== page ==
Expert en feedback management - Spécialiste dans la mise en place de baromètre de satisfaction et d'enquête de satisfaction
Expert en feedback management - Spécialiste dans la mise en place de baromètre et d’enquête de satisfaction
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LE BLOG BY SATISFACTORY

6 March 2014
Analyses

Using an open-ended question in a satisfaction survey


I. Open-ended questions and closed-ended questions: how do they complement each other ?


Typically, a satisfaction survey consists of a number of closed-ended questions followed by an open-ended question of the following type, “What else would you like to draw our attention to ?”

When replying to the open-ended question, the customer can express an opinion in two separate areas :

- The customer experience itself, which has often already been assessed through the closed-ended questions. In this case, a customer will highlight a positive or negative aspect of his/her experience.

- Expectations and suggestions. This information is not generally covered in the closed-ended questions.

Note that the open-ended question should be located at the end of the questionnaire, otherwise customers have a tendency to repeat themselves in the closed-ended questions that follow the open-ended question.

Finally, we recommend the use of only one open-ended question within a given questionnaire because we have observed that customers find it difficult to differentiate between them if there is more than one, even if the headings are clearly different. Remember that customers run through the questionnaire and its headings very quickly and they may well feel confused if the questionnaire becomes too complex.

The open-ended question is more than enough to round off the closed-ended questions but under no circumstances should it replace them.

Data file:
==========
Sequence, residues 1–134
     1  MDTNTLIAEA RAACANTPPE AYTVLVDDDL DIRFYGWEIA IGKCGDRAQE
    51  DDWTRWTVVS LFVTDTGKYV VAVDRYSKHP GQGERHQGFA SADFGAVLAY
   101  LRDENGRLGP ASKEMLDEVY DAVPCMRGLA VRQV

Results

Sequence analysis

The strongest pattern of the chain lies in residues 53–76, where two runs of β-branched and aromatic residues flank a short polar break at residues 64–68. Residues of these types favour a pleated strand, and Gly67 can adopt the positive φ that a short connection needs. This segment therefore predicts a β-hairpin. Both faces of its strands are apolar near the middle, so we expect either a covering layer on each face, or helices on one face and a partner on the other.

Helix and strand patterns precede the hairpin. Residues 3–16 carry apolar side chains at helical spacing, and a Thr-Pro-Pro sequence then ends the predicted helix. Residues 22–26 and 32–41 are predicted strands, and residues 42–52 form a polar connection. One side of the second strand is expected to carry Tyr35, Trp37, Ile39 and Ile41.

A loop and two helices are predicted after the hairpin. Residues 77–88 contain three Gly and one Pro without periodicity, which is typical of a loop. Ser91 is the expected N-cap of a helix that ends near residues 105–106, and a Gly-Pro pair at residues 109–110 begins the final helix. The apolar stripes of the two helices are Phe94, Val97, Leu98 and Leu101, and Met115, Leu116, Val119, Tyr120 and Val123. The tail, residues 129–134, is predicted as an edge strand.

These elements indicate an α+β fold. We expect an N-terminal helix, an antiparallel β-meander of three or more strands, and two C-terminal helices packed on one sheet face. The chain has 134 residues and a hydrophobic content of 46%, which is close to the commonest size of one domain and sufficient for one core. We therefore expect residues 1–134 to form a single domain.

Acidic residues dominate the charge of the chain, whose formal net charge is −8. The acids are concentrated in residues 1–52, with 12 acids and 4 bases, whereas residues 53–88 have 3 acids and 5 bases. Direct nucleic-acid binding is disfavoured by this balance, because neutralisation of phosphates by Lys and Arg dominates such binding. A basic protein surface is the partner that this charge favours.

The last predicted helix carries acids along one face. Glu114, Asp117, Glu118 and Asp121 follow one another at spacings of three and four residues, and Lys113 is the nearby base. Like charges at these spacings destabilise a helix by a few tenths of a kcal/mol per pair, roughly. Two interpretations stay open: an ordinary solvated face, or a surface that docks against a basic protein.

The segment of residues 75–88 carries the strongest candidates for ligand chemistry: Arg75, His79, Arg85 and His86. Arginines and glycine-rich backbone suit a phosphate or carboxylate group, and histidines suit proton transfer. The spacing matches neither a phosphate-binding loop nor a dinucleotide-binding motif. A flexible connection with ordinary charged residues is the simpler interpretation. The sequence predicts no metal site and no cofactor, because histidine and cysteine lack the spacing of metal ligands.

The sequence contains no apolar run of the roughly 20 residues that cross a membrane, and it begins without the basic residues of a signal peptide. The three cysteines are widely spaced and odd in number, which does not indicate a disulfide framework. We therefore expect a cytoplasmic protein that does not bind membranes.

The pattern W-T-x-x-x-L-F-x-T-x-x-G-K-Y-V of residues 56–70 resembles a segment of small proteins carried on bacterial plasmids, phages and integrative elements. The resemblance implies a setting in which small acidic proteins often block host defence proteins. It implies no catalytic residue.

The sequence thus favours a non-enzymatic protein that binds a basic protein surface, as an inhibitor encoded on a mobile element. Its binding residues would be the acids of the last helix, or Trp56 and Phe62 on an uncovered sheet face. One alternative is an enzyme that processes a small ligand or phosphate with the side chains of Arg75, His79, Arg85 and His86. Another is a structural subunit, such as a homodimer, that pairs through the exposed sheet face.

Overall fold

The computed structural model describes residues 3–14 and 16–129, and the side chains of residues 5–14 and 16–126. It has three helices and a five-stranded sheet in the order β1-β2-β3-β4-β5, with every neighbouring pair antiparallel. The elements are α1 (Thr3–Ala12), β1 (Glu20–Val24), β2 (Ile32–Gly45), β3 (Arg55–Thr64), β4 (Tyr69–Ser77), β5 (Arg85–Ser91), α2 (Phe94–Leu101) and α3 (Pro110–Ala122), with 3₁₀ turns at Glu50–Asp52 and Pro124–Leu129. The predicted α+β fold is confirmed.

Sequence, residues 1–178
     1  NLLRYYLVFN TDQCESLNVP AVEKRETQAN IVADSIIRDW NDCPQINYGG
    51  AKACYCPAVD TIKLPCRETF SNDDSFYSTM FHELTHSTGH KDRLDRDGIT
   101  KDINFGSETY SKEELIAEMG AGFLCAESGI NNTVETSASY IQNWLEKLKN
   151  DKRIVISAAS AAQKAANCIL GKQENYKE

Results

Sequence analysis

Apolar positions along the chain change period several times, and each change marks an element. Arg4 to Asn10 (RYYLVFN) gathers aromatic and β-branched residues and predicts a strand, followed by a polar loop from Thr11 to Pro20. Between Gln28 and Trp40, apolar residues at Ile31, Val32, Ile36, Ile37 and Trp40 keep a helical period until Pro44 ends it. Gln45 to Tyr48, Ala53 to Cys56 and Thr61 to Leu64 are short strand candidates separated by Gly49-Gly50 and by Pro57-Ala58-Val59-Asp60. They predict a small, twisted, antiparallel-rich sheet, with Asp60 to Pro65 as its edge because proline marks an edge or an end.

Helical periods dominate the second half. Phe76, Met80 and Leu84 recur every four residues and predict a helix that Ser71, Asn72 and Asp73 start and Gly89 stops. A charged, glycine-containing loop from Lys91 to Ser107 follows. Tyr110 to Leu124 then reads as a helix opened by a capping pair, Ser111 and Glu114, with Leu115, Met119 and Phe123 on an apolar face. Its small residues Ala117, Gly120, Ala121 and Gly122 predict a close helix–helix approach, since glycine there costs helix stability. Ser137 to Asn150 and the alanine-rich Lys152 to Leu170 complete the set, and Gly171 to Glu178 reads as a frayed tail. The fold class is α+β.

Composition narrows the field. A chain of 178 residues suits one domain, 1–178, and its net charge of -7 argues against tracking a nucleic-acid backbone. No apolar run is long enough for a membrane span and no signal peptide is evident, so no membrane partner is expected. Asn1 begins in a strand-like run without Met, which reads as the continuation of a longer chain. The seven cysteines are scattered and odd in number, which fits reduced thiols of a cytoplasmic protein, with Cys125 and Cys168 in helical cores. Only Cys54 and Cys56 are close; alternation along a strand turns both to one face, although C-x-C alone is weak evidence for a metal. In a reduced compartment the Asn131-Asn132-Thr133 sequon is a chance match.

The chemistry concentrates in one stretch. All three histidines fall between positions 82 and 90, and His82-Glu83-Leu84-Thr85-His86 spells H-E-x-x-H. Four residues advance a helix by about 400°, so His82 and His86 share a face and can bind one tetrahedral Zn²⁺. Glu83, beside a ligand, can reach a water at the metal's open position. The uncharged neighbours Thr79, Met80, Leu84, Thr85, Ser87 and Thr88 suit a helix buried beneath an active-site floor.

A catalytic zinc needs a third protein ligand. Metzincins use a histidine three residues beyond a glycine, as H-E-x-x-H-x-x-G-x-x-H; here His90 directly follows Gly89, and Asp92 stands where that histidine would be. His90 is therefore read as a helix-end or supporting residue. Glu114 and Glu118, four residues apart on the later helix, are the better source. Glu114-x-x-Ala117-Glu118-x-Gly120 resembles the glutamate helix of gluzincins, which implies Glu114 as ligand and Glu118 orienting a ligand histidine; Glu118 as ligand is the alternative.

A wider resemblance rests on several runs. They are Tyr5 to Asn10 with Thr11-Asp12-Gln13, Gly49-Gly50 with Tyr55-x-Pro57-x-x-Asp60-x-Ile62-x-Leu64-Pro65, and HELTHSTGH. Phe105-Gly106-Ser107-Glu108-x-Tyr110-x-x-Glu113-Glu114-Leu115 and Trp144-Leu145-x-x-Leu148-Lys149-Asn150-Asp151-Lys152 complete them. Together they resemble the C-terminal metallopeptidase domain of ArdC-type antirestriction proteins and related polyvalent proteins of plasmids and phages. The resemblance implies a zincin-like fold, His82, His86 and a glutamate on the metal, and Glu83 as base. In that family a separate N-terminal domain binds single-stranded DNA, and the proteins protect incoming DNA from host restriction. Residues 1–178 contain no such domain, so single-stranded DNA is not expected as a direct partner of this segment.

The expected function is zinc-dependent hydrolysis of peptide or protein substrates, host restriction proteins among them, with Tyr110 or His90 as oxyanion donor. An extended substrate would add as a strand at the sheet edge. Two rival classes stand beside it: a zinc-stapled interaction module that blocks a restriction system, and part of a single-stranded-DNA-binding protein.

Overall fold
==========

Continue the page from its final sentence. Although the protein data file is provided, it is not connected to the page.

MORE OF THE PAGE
Frederic Reichheld, in his reference book, “The Ultimate Question”, suggests the following structure for a satisfaction survey: 3 to 4 closed-ended questions followed by one open-ended question.

II. What use is the open-ended question ?


The structure of the survey (and more importantly the number of questions) will vary, depending on the breadth of the actual customer experience.

There is no doubt that the importance and usefulness of the open-ended question depends directly on the number of closed-ended questions asked first. If the questionnaire is short (only the main aspects of satisfaction are graded in the closed-ended questions), the open-ended question becomes very important because it enables the customer to explain his/her level of satisfaction.

If the questionnaire is long (more than 30 questions), it is less important per se but provides a means of obtaining customer expectations and suggestions (by their very nature, these are not covered by the closed-ended questions).

Whatever the circumstances, in a customer satisfaction survey the open-ended question is useful in :

Identifying customer complaints more accurately

In an open-ended question, your customer can express expectations and suggestions but may also vent frustration and, occasionally, make threats (potential court case, threat of publishing his/her views on social media etc.). This means that an open-ended question may also lead to an increased flow of customer complaints, often defined in terms of the mark awarded to the overall level of satisfaction.

Using customer suggestions